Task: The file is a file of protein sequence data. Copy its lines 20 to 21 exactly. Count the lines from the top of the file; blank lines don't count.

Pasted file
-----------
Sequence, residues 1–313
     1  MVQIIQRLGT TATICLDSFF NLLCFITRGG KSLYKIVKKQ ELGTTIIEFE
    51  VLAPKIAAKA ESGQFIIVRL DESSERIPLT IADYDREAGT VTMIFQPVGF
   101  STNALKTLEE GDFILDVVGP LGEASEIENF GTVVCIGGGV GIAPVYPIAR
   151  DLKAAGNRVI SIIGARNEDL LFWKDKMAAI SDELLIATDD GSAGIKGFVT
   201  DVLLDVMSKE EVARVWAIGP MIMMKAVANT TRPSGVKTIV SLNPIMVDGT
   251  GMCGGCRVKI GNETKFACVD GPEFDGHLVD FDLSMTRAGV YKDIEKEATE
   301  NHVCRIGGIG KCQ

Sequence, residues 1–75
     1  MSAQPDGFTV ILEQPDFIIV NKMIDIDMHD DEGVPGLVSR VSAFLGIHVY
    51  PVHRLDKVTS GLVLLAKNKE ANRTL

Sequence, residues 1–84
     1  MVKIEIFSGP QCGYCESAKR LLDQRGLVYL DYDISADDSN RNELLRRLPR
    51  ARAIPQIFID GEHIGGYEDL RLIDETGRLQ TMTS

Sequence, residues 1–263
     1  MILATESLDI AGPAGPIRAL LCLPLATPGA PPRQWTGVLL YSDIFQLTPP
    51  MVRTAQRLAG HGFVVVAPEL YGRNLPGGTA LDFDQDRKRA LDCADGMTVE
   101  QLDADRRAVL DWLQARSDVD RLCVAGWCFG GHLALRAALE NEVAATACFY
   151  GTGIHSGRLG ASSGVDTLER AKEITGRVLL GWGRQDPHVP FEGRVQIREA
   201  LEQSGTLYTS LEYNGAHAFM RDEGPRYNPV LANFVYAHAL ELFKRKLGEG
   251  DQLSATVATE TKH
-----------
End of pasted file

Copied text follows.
   201  LEQSGTLYTS LEYNGAHAFM RDEGPRYNPV LANFVYAHAL ELFKRKLGEG
   251  DQLSATVATE TKH